Extremely Rare Meteorite That Contains Some of the Oldest Material in the Solar System Discovered in Antarctica

“The size of a bowling ball but twice the weight of a bowling ball.”

A rare meteorite that contains some of the oldest material in the solar system was discovered in Antarctica earlier this month, scientists say. Weighing 17 pounds, the space rock described as about "the size of a gourd" was discovered on January 5th by an international team at the tail end of an 11-day expedition.

"When we saw this one just sitting by itself in the middle of the blue ice, we all got so excited," Chicago Field Museum researcher Maria Valdes told the Chicago Tribune. It's one of the largest meteorites ever found on Antarctica and probably originated between Mars and Jupiter. Read on to find out more fascinating facts about this unique discovery.

"This Was Really the Mother Lode"


Researchers were just about to conclude their ground search for meteorites when they made the surprising—and surprisingly large—discovery. "We knew that if we found a meteorite, this was really the mother lode," Valdes told the Tribune. "On the last day, the last hour."

The rock they discovered was "the size of a bowling ball but twice the weight of a bowling ball," said Valdes. Out of 45,000 meteorites found in Antarctica in the last century, only 100 were that size or larger, Chicago's Field Museum said. Most have only weighed a few grams.

A Rare, Massive Find


The meteorite contained a "fusion crust," a glassy outer layer that slightly melted when it entered the atmosphere. It had signs of wear, which signified it had been on Earth for ages. Scientists believe it consists of chondrite, indicating it originated in the asteroid belt between Mars and Jupiter, which is known to contain some of the oldest material in the solar system. The Royal Belgian Institute of Natural Sciences is now analyzing the rock.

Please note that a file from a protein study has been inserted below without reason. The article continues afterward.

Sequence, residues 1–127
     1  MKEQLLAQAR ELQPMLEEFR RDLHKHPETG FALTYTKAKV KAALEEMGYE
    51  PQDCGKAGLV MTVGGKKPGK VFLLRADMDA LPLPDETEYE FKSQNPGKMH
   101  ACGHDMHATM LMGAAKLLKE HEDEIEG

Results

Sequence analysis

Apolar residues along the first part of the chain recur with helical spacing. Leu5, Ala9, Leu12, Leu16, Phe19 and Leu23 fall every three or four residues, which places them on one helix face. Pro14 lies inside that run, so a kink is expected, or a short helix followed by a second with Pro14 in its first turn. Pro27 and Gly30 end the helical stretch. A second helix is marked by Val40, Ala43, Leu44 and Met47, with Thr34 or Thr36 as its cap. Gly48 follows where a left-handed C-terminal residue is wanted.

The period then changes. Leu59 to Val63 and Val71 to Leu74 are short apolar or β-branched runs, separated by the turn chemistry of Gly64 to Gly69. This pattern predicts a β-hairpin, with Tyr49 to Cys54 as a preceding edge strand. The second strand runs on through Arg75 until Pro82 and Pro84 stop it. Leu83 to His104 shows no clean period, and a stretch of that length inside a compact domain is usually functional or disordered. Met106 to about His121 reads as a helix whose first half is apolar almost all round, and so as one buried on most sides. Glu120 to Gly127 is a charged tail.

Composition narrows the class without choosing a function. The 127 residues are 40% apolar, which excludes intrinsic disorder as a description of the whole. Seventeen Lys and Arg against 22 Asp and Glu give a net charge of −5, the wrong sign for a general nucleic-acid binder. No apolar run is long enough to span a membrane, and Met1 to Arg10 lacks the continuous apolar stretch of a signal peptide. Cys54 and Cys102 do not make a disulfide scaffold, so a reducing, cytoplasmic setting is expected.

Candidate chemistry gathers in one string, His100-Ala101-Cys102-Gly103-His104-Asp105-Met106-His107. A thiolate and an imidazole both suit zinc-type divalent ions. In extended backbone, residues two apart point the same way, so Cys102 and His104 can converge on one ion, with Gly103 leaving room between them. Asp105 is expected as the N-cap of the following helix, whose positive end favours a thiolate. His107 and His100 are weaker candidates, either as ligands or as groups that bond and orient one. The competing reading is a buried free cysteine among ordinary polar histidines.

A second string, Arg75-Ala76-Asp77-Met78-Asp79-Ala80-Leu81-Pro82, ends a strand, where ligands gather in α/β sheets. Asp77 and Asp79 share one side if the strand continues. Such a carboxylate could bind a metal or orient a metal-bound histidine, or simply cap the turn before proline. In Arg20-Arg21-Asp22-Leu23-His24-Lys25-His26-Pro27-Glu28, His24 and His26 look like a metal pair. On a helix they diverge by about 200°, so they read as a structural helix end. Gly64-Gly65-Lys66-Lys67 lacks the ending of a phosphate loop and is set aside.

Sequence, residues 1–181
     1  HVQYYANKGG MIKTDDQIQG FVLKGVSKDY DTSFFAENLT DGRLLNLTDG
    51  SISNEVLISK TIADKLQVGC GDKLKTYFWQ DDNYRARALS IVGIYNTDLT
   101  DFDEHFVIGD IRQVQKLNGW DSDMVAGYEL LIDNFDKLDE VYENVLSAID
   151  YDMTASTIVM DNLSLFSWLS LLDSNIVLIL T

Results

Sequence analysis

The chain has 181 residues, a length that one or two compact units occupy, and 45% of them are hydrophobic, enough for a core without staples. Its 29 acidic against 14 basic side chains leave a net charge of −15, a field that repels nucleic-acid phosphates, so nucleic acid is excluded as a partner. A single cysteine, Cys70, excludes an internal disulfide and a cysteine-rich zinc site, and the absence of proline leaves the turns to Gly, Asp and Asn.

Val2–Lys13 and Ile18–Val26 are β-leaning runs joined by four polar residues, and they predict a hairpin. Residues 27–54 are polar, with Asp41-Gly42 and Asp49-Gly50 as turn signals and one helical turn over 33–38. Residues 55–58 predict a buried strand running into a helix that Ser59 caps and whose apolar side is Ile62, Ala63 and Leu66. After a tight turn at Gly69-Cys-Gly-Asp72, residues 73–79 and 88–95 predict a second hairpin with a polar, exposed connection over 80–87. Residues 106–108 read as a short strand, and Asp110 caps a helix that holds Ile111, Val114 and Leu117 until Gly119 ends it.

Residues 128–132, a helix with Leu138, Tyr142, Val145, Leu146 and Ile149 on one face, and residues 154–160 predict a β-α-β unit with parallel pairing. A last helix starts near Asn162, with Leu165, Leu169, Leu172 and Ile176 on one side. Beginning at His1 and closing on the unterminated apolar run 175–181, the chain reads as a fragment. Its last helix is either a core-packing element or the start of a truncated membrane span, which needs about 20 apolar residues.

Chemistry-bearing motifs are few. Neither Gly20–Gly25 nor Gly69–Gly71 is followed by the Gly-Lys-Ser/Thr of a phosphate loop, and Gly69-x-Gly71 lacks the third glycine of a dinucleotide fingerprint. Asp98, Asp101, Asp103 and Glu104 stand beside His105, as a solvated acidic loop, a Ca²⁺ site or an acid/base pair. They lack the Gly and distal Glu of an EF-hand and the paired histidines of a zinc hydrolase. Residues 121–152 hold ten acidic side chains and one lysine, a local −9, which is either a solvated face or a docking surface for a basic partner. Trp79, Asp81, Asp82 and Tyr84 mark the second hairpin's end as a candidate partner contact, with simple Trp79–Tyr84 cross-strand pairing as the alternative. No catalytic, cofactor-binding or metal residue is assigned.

"All meteorites have something to say about the evolution of Earth," said Valdes. "Size doesn't necessarily matter when it comes to meteorites, and even tiny micrometeorites can be incredibly scientifically valuable, but of course, finding a big meteorite like this one is rare, and really exciting."

Freezing Land a Hotspot for Meteorites


Antarctica is a bit of a treasure trove for meteorites. The freezing conditions are ideal for preserving specimens, and the dark rocks are easy to spot against snow and ice. Meteorites tend to gather in specific regions known as meteorite stranding zones, which are created by weather patterns and the movement of the ice. To guide their search, the scientists followed a "treasure map" of recent meteorite finds. It led them to a massive discovery.

Not to say the expedition was easy: Even though it was summer in Antarctica, temperatures averaged 10 degrees below zero. "Going on an adventure exploring unknown areas is exciting," said lead researcher Vinciane Debaille of the Université Libre de Bruxelles in Brussels. "But we also had to deal with the fact that the reality on the ground is much more difficult than the beauty of satellite images." 

Space Rocks Contain Valuable Clues


Scientists value meteorites because they can contain ancient information about the solar system. "Studying meteorites helps us better understand our place in the universe," said Valdes in a press release. "The bigger a sample size we have of meteorites, the better we can understand our solar system, and the better we can understand ourselves."

Just Weeks After Another Major Find

Duke University

The news comes less than two months after Canadian scientists said they'd discovered that a massive meteorite contains two minerals previously unseen on Earth. Scientists at the University of Alberta analyzed the 15-ton rock, which they believe is the ninth-biggest ever to hit the planet. The rock was found in Somalia two years ago, and locals say it's much older. They dubbed it "Nightfall" and have mentioned it in poems and songs for more than five generations. The meteorite could reveal clues about how asteroids form, the university said.

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